ECONET Wireless has targeted two million subscribers under its EcoCash facility by the end of its financial year in February next year. The expansion promises to transform, for all time, the mobile money transfer landscape in Zimbabwe. Econet Wireless currently has a total of 1,7 million EcoCash subscribers and has projected the number of users to grow rapidly until the entire Zimbabwean population is registered on its network.
Econet's mobile money transfer service is set to transform people's lives in transacting payment of bills to Zesa, Multichoice, Edgars and the City of Harare, airtime top-up and buying goods through cellphones.
What comes as a huge relief to the majority of the people, especially the commuting public in the low-income bracket, is that they can now pay for commuter fares using EcoCash, eliminating the problem of small change.
Econet Wireless has modelled the EcoCash mobile money transfer service along the same lines as Kenya's M-Pesa, which has revolutionised money transfer and the payment system in East Africa's biggest economy.
Econet recently engaged former Safaricom executive Mr Japheth Aritho as chief operating officer of Econet Services to reinforce EcoCash in Zimbabwe. Safaricom introduced M-Pesa in Kenya,.
Mr Aritho said there was a huge need for mobile money transfer services in Zimbabwe, considering the convenience, speed and security associated with the service when compared with the use of hard cash.
"When I check the performance of EcoCash in the first year, it is by far more successful than what M-Pesa did in the first year," said Mr Aritho.
"If I look at the numbers that we closed with during the first year, we are far ahead of what M-Pesa was able to deliver in the first year.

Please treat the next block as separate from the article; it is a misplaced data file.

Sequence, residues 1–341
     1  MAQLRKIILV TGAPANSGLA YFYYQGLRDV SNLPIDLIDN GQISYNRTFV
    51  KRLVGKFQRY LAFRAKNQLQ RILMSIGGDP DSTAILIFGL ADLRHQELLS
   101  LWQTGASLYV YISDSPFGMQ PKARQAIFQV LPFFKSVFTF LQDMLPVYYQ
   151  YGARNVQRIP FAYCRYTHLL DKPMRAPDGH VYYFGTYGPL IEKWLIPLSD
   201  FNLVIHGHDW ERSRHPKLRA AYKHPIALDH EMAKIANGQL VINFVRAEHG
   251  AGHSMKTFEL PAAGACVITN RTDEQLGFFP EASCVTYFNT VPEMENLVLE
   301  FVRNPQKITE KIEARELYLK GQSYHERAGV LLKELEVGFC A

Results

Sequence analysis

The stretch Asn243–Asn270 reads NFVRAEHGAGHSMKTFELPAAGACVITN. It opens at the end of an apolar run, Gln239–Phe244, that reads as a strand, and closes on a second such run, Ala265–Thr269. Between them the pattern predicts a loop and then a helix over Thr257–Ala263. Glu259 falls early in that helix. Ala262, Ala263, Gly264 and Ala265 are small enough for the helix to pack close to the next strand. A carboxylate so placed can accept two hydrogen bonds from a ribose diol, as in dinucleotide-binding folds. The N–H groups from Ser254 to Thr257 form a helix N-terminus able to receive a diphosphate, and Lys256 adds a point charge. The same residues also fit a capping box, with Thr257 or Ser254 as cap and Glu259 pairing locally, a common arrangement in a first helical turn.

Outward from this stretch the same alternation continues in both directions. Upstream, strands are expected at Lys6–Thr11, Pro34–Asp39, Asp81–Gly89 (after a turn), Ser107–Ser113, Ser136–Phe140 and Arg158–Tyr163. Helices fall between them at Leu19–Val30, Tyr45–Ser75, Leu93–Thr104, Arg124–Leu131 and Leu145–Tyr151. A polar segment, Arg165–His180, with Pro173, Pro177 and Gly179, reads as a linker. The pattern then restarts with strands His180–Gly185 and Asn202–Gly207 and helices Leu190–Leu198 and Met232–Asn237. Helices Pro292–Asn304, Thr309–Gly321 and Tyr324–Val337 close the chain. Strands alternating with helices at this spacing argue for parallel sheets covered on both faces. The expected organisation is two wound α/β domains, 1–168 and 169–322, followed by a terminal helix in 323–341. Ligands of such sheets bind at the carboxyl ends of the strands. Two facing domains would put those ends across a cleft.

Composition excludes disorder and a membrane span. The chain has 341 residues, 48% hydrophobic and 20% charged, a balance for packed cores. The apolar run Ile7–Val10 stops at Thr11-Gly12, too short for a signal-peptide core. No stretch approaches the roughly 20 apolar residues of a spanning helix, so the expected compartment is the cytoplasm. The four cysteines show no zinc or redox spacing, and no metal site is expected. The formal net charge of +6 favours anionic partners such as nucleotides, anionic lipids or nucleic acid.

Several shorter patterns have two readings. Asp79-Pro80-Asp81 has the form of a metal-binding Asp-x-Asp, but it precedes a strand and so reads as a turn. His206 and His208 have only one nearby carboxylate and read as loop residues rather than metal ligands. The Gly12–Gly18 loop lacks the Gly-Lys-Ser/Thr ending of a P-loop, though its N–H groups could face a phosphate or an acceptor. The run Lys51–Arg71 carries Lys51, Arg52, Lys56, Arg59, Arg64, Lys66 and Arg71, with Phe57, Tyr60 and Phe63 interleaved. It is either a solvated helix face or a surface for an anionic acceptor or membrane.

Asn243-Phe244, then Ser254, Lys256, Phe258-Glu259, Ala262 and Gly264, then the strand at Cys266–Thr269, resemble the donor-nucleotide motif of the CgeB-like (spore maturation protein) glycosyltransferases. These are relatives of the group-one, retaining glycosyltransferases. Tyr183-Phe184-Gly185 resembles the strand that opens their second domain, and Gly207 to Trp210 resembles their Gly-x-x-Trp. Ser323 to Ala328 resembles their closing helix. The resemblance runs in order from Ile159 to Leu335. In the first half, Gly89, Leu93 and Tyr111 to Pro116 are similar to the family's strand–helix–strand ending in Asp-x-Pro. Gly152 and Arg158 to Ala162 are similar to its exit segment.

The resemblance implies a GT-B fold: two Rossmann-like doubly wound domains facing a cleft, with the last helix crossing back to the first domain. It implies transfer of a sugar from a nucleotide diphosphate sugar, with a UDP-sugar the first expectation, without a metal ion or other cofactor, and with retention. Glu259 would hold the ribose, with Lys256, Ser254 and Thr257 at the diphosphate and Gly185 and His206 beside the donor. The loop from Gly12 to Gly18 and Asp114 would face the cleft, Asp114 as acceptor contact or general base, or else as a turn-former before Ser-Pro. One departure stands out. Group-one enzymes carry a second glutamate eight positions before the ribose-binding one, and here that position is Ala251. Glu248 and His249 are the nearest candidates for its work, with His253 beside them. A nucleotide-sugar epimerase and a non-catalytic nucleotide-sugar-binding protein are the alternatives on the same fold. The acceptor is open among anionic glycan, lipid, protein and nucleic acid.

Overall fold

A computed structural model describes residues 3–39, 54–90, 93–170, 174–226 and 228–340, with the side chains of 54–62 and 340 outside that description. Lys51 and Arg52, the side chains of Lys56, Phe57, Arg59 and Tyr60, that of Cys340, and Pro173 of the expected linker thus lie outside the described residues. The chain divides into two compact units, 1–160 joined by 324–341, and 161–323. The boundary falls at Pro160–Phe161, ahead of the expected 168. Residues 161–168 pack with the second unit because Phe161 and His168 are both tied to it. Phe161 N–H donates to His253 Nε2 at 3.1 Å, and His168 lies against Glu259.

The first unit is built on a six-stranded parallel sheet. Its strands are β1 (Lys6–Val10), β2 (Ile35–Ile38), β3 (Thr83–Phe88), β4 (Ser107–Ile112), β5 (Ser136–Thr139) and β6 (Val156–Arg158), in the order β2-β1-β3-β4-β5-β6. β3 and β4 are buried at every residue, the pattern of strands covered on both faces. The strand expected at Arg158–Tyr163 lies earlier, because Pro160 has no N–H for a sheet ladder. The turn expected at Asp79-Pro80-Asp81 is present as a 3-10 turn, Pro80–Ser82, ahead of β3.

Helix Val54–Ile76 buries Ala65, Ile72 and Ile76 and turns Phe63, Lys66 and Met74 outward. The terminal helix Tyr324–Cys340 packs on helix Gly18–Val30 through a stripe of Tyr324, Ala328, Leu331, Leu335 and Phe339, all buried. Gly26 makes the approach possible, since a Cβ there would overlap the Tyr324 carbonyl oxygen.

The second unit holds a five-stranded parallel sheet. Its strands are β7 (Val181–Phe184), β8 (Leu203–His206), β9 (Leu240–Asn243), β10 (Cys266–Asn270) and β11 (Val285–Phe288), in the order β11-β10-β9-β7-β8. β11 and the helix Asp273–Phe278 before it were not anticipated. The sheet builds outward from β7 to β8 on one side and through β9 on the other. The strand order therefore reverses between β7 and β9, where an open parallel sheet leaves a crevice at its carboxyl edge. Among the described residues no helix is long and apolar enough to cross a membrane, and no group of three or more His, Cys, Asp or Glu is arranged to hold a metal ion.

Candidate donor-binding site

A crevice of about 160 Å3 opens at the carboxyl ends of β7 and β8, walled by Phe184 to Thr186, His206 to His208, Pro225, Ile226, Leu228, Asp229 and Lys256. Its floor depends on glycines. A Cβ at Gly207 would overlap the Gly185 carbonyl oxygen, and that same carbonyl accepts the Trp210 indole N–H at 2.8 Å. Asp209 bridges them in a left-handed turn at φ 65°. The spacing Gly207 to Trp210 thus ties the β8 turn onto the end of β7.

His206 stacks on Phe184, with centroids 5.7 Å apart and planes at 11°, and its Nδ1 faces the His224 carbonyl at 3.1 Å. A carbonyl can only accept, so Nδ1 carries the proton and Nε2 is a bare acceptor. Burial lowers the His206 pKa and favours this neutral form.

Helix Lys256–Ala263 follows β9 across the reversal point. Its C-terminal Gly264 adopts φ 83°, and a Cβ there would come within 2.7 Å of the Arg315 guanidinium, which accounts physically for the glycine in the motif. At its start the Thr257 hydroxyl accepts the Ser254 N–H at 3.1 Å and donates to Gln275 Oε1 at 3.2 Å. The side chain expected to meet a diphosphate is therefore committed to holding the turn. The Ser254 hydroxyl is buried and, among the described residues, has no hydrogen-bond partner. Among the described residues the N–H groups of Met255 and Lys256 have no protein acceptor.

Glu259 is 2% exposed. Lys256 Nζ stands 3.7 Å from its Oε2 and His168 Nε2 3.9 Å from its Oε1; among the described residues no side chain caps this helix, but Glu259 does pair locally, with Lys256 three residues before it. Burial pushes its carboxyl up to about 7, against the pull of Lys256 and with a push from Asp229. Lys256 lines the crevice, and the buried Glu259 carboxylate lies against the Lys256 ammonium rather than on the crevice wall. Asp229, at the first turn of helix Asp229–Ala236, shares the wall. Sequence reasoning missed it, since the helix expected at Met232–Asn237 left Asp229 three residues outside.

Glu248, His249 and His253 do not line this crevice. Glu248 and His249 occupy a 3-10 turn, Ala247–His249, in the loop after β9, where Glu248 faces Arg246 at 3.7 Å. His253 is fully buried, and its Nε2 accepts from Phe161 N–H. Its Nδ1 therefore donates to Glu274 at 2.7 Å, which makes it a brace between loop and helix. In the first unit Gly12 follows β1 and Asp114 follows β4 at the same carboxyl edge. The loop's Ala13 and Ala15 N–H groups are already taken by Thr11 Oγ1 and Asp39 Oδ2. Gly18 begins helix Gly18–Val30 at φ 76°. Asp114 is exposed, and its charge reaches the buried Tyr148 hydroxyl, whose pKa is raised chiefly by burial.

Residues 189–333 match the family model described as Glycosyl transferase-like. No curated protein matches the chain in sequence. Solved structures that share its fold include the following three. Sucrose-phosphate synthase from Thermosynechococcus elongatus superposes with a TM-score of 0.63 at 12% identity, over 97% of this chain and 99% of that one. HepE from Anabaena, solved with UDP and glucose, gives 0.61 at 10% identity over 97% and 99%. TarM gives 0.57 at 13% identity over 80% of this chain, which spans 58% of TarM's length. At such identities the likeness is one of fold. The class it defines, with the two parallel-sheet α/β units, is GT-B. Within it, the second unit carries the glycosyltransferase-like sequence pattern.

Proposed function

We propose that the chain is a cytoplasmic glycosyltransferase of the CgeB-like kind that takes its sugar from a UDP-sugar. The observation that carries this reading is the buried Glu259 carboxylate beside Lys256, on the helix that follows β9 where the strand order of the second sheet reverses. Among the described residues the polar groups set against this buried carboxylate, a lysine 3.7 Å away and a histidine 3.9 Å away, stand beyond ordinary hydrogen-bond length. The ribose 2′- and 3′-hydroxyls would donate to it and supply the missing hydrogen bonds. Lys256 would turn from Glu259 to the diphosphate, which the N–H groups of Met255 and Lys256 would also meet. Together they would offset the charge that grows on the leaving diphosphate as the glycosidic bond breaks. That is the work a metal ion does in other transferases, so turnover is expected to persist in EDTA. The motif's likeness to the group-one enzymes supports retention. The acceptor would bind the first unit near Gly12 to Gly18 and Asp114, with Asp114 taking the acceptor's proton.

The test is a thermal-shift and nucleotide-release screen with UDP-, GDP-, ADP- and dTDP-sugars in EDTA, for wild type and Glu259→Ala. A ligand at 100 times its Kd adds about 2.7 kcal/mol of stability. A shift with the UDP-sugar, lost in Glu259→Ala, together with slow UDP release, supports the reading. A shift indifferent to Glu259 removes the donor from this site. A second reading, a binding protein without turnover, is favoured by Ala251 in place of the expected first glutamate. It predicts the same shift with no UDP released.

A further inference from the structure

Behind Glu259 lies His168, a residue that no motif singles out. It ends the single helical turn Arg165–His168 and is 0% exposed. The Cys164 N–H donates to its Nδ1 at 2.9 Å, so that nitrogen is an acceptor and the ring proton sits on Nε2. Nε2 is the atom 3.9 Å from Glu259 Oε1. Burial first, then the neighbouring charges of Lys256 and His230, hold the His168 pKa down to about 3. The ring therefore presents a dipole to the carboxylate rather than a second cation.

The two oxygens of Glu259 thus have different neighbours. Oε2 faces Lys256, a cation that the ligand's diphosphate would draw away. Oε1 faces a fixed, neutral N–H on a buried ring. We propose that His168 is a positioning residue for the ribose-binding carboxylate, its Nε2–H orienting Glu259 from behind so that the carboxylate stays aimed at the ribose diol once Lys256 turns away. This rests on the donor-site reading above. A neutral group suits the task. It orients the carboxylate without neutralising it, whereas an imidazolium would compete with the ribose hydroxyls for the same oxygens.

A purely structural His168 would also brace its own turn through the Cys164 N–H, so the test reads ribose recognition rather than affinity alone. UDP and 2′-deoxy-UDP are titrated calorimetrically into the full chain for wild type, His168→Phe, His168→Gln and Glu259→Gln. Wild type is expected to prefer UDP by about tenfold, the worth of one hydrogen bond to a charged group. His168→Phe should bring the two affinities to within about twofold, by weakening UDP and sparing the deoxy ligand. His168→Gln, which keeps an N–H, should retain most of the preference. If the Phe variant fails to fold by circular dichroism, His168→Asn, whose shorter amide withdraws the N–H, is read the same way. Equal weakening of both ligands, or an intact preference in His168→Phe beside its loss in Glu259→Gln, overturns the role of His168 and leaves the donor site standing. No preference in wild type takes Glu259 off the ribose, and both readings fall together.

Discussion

"Some of the things that we are seeing now helping us (in Zimbabwe) to succeed are the same as those we saw in Kenya."
He said considering the challenges associated with small change in Zimbabwe, the risk of carrying cash and the need to financially include previously marginalised people not targeted by banks, the EcoCash facility would help transform many lives.
Sending, receiving money and loading the e-wallet is free of charge while a maximum of 2percent of the value is charged when transacting on the EcoCash facility. All transaction charges range to a maximum of US$2.
Mr Aritho said that judging by the progress EcoCash had registered, the mobile telecommunications and money transfer services provider could in future introduce credit and savings products to the ensure financial inclusion of everybody.
"We want everybody in Zimbabwe to be connected. But it takes time because of the registration processes. Regulations also require us to do a lot of things to ensure we can prevent money laundering and other things.
"We have targets -- our (current) financial year ends in February and we want to close with two million subscribers."
Econet Services chief executive Mr Darlington Mandivenga said EcoCash was designed as an effective solution to real problems of convenience, shortage of change, the speed and security people faced when making payments.
"The desire is not just to introduce or pioneer products in the market, but to introduce innovations that are relevant," he said.
Mr Aritho said there were problems with the way people were transacting, sending money to each other and paying their bills.
People would also not have to be forced to take various unbudgeted-for products in place of small change.